availability of "protection grade" E5 fuel for classics
What is the FBHVC?
The Federation of British Historic Vehicle Clubs (FBHVC) is a grouping
of historic vehicle clubs and museums together with some trade and
What is Viton?
Different compounds of Viton have been extensively tested in many
current biofuels. Viton
Burlen SU using Viton
An example is an HIF Needle & Seat Kit. Viton 0.070"
See our biofuels "information gateway" with links
to earlier news items and articles on the ethanol topic. More
press reports on the expected introduction of "cleaner
E10 petrol" in the UK have made no mention of a lower
ethanol alternative, known as the "protection grade",
despite its widespread endorsement by the All-Party Historic
Vehicle Group (APPHVG) at Westminster. The E10 fuel is so called
because it has a 10% bioethanol content. The protection grade
fuel is 97-octane E5 with the ethanol content limited to 5%.
Classic car enthusiasts' concerns over higher ethanol levels
in petrol tend to focus on two main areas: technical issues
and the future availability and price of lower ethanol petrol
as a "protection grade" fuel available on forecourts
in the UK:
These issues are reviewed by the FBHVC on its website:
> Damage to classic car components higher ethanol
fuels can have on "original" engine and fuel supply
components. Sensible upgrades like Viton rubber fuel
hoses have been developed and are available to address them.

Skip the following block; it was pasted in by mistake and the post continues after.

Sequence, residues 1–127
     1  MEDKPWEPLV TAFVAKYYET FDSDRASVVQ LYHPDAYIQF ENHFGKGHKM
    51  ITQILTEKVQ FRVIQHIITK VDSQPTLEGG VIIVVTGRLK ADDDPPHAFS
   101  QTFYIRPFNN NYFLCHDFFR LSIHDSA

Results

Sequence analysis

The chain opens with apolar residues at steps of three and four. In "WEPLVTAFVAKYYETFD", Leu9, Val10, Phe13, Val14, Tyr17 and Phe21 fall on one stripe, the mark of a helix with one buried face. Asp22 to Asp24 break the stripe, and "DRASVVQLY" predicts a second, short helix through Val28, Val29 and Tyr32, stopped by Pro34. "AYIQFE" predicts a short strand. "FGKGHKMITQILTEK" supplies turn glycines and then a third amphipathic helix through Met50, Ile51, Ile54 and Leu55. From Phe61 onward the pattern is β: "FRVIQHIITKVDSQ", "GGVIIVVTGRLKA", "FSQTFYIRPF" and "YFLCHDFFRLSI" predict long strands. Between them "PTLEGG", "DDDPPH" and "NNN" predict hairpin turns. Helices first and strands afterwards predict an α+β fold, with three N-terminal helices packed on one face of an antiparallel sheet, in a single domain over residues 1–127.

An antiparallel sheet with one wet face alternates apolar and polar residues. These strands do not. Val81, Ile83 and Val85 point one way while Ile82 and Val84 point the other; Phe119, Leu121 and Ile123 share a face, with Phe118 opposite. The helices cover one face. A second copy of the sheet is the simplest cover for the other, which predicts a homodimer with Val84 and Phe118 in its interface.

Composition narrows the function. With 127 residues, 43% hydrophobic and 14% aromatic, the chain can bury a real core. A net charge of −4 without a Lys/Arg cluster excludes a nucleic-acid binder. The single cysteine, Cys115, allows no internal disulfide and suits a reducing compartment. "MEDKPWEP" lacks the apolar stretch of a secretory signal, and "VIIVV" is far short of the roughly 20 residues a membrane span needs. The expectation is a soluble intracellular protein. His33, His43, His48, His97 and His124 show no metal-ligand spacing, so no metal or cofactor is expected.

in classic car fuel systems
because the long-term storage of petrol-ethanol mixtures (typically
over a winter period with a classic car) tends to absorb moisture
over time. A number of corrosion inhibitor additives which are
effective at protecting fuel system metals have been identified
and endorsed by the FBHVC.
Combustion effects: whilst there is no evidence that the
addition of ethanol to petrol directly affects combustion adversely,
the addition of ethanol does have a leaning effect. Fuel mixture
strength becomes slightly weaker, and this is particularly true
for higher ethanol blends. Petrol containing 10% ethanol for
example, would result in a mixture-leaning effect equivalent
to 3.6%, which may be felt as a power loss, but also could contribute
to slightly hotter running.
Future availability and price of lower ethanol petrol issues
Assurances over the future availability of "protection
grade E5" from suppliers of bioethanol fuel seem to leave
future scope for wriggle room. Statements like "we fully
expect the DfT to to ensure the continued availability of E5
(as octane 97) grade fuel at UK forecourts alongside E10"
and "whilst we appreciate the E5 97 octane is slightly
more expensive than the E5 95 octane currently available . .
. and the price differential between E10 95 and E5 95 would
stay the same too - it's all down to refinery economics."
So two clear issues arise from that: the commercial case for
having an E5 97 fuel pump on many forecourts and the price of
that fuel will depend on the realities of customer demand, consequential
sales revenues for fuel station operators, the logistics of
delivering E5 97 to fuel stations and the commercial viability
for a fuel station operator of having a pump set aside for E5
For a typical classic car enthusiast, like an MGV8 owner doing
between say 2,000 to 4,000 miles pa, the effect of a higher
price for E5 97 of say 15p a litre could be between £38
and £76 pa.